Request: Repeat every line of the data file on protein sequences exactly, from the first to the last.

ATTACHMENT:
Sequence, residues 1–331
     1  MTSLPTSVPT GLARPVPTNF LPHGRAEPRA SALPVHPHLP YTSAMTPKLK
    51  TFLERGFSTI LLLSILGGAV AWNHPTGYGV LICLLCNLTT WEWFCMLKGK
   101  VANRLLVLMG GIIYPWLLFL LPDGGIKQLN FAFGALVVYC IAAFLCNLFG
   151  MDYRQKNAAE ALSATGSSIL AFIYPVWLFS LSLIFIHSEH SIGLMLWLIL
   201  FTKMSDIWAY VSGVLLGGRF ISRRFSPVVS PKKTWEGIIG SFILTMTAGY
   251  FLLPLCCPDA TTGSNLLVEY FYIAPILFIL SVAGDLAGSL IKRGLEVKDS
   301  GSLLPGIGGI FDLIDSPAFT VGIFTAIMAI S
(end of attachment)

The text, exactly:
Sequence, residues 1–331
     1  MTSLPTSVPT GLARPVPTNF LPHGRAEPRA SALPVHPHLP YTSAMTPKLK
    51  TFLERGFSTI LLLSILGGAV AWNHPTGYGV LICLLCNLTT WEWFCMLKGK
   101  VANRLLVLMG GIIYPWLLFL LPDGGIKQLN FAFGALVVYC IAAFLCNLFG
   151  MDYRQKNAAE ALSATGSSIL AFIYPVWLFS LSLIFIHSEH SIGLMLWLIL
   201  FTKMSDIWAY VSGVLLGGRF ISRRFSPVVS PKKTWEGIIG SFILTMTAGY
   251  FLLPLCCPDA TTGSNLLVEY FYIAPILFIL SVAGDLAGSL IKRGLEVKDS
   301  GSLLPGIGGI FDLIDSPAFT VGIFTAIMAI S